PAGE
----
A More Common Flower at Solstice

Somehow it’s already the Summer Solstice (in the northern hemisphere), when traditions prompt us to celebrate midsummer‘s fertility with festivals and bonfires. Earth’s rotational axis on this day tilts at its greatest incline toward the star that it orbits – our sun. It is the year’s longest day and shortest night.

Usually, fall and winter are where my sympathies lie: the cool, dark, and damp. But summer enchants me. The sheer gorgeousness of nature in its fecundity. The nonchalance of birds daily chasing down bugs and beetles. And such birds! Towhees, chickadees, white-crowned sparrows; the dance of cedar waxwings as they wait and swoop in turn down to the birdbath, wings fluttering amidst countless burgeoning blossoms. Every flower has beauty, but often I forget the startling forms of the more humble blooms sprouting from plants that feed us, like onions and artichokes. In the process of growing, these remarkable organisms turn sunlight into their own nutrients through photosynthesis, flower, pollinate by bees and other pollinators, and go to seed. Thus begins again nature’s constant cycle of rejuvenation. 

Currently there’s much sadness in the world: suicide in the news, some dear friends’ personal struggles. I’m constantly reminded of my mother’s painful battle with mental illness, and her strength in persevering through it, not only to survive but to teach me to take succor in nature. I imagine how she might have drawn comfort from the joy of gardening on a cool, rainy day when plants can benefit from soft rainwater; the smell of soil and the feel of digging fingers into it; of turning rich compost crawling with worms, ready to nourish plantings. It is she who taught me gratitude for such moments, for having loved ones to share this with, and it is her memory I share it with every day. Happy Solstice!


About thislittleplot

Writer, hiker, loafer
This entry was posted in Birds, Family, Friends, Garden, Mental Health, Nature, Seasons and tagged , , , , , , . Bookmark the permalink.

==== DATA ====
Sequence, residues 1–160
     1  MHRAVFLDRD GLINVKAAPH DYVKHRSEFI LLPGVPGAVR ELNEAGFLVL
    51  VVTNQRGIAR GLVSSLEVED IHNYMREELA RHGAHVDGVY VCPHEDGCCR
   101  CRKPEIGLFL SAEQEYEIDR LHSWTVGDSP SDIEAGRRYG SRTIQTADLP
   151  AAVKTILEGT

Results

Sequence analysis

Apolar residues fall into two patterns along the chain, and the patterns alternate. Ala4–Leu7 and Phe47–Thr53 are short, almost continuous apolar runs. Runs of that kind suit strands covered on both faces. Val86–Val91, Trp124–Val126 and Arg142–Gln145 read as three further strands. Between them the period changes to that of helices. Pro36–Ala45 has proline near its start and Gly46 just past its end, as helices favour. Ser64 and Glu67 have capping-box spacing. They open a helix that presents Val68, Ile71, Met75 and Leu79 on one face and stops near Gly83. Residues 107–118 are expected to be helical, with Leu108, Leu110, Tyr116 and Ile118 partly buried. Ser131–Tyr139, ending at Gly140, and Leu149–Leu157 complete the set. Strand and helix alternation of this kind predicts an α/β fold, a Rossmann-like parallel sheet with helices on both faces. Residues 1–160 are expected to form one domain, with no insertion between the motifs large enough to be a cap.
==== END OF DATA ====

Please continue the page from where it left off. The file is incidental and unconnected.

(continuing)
12 Responses to A More Common Flower at Solstice

  1. Mike Freeman says:

    Great post, Irene. Love the progression from straight nature description to the painful and poignant, all balmed a bit by nature. Hope you’re very well and finding comfort where you can. Never thought things could get this dark. Be well and keep writing.

    • Thanks so much, Mike. I so appreciate our writing friendship, and your writing is always inspiring to me. Appreciate your reading, as always, and hope you and your family are well and that your own writing is going well also! We must keep hope “green” and alive, as well.

  2. marmysz says:

    I also find some comfort in the natural cycles of growth and decay. Schopenhauer and the Buddha claimed that humans – because we have the ability to reflect on our condition – suffer more than any other creature in existence. But reflection also gives us the chance to understand our suffering and realize that it is part of nature’s cycles as well.

    Thanks for this great post that got my day off to a reflective start!

    • Thanks so much; I really appreciate your reading and your thoughtful comments. Hope you both are doing well! The Buddhist tenets of suffering coming from attachment, as well as viewing suffering as part of a cycle of ebbs and flows, is also very heartening for me; thanks for the reminder.

  3. owlwoman says:

    Happy Solstice!

    Another beautiful post. I am also a Winter person, but have been enjoying the colour of Summer.

  4. Chris Stevens says:

    You are so fortunate if you get to enjoy cedar waxwings on a daily basis! I’ve only seen them twice, and briefly. Spotted towhees and juncoes are my favorite at the birdbath, reminding me to refill it daily.

    • I love juncos! Think we saw some when you guys visited with us. Those naughty waxwings eat the berries of our local privet hedges, then poop up a storm in the yard(s), thus encouraging them to grow everywhere (even where they are not wanted). But, who wouldn’t adore those gorgeous creatures. Hope you both are well, and enjoying your own garden! Miss & love you.

  5. utherben says:

    Finally got a few restful minutes to read your post – lovely, thoughtful writing, as always. I too prefer the cooler months (tho as we all know, I hate shoveling snow!) but I’ve been finding a lot of solace in the garden this year as well. Happy belated Solstice!

  6. Shonna says:

    Lovely post Irene, thank you. I’ve been lost in the land of Atlanta visiting my sister. Painful to see & feel her struggle with her illness. Heartbreaking. Solstice came and went as I was wrapped in sorrow, but I never let her see my eyes water up. So happy to be home now in the Puget Sound and back to my garden, where I will cry freely. Rough times indeed. Sigh.

    • I’m so sorry to hear about your sister! I can imagine how painful that must be, but I’m sure your visit brought her some solace, and I’m glad you’re back home where you can hopefully get your own solace in the garden! xoxoxo

  7. Reblogged this on Kitchen Scenes and commented:
    Always uplifting. Irene Bernard’s “This Little Plot.”

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